And so I survived, I didn’t drown, crash, or pass out during the run. When I was in the water getting my ass handed to me, one of the wounded warriors swam up to me and then passed me. I dug in and matched his pace, he had one arm and he was kicking my butt. I was yelling at him in the water that he better beat me, you better burn me, don’t let me f@$ing catch you I yelled out at him. He maintained his pace and swam the 750m solid. I saw as he was getting on the bike, one of his helpers was attaching his prosthetic to the handlebars. He was in the zone just as I was, he wasn’t thinking about being wounded or the blast that did this to him, he was thinking about kicking my ass. We rode out and somewhere in the mass I lost him, I made it back to the rack and took off running all the while looking for the wounded warriors. There was one guy who was wounded in the legs so he rode a hand pedal cart, he was weaving through the crowds sweating like crazy (it was like 102 on the pavement). As We all finished the race and as collected our gear back at the bike rack our little huddle was laughing and sharing the war stories of the triathlon. That pack wasn’t the wounded warriors and the soldiers, it was not the wounded and the whole, it was a bunch of vets, a bunch of brothers who had found and triumphed over yet another challenge.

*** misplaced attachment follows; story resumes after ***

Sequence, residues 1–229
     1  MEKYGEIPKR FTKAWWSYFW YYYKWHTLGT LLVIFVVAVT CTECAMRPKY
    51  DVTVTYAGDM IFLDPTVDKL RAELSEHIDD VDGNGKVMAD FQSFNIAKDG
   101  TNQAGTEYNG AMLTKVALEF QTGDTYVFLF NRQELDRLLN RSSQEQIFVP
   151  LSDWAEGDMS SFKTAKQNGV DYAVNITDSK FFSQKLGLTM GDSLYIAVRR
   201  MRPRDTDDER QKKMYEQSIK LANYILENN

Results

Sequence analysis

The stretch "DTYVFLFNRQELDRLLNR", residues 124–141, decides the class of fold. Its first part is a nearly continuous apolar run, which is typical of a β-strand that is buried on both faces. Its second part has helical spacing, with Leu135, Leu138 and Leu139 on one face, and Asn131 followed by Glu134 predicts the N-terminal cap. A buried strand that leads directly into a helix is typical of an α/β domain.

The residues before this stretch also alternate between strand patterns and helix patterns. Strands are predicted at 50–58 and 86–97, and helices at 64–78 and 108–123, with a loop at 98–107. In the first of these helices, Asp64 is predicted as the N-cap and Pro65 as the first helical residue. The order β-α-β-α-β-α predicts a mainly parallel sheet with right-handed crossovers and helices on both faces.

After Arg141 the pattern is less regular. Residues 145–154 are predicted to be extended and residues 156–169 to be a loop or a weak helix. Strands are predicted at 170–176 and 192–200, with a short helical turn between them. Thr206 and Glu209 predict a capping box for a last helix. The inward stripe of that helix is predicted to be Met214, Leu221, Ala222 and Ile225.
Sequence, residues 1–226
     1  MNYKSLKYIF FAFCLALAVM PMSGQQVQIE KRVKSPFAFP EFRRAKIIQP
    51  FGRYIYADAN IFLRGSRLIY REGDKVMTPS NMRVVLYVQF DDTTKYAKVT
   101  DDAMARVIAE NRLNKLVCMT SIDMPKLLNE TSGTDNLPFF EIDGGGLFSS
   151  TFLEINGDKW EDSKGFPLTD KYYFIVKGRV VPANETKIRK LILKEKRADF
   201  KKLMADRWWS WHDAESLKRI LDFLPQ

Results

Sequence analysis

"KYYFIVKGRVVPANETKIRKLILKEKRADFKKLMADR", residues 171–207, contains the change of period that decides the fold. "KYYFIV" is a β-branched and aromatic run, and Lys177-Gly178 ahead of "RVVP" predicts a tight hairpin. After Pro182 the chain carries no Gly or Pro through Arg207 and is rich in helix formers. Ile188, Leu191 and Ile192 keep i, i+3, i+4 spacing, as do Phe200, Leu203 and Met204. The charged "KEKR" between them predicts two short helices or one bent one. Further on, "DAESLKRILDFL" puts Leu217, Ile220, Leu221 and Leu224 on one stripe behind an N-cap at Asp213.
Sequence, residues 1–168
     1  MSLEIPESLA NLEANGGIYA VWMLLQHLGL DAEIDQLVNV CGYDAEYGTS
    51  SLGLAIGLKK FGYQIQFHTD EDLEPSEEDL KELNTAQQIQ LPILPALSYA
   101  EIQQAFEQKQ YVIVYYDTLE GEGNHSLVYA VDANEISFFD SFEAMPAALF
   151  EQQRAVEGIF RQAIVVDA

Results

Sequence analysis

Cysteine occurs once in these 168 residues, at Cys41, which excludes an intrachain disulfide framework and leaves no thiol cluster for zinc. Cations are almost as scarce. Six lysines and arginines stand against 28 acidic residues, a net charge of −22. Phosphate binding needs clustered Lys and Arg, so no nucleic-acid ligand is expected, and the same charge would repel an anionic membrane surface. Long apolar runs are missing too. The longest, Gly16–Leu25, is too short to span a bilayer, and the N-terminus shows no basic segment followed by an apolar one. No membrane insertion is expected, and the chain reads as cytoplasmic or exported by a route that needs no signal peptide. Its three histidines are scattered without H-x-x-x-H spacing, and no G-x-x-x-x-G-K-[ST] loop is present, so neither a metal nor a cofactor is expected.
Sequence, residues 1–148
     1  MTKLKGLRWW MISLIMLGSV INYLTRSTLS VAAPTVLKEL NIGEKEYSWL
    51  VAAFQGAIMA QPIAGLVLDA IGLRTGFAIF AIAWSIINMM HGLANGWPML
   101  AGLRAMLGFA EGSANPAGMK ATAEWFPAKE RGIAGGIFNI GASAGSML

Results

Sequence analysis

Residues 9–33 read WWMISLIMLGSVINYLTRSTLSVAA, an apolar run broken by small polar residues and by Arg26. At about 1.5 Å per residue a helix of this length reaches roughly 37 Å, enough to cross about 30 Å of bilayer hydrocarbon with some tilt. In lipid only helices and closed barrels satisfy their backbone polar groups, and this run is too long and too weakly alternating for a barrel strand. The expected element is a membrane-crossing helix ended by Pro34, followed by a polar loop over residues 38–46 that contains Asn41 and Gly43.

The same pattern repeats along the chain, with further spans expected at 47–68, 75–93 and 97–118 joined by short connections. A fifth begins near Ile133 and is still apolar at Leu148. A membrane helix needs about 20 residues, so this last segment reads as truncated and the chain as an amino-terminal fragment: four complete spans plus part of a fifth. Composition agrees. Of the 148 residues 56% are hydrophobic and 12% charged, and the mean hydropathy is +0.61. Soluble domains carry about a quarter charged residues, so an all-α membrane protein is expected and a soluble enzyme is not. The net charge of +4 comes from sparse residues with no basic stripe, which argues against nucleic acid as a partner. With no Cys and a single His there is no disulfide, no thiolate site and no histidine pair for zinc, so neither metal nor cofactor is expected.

June 1, 2010
Resilience Part II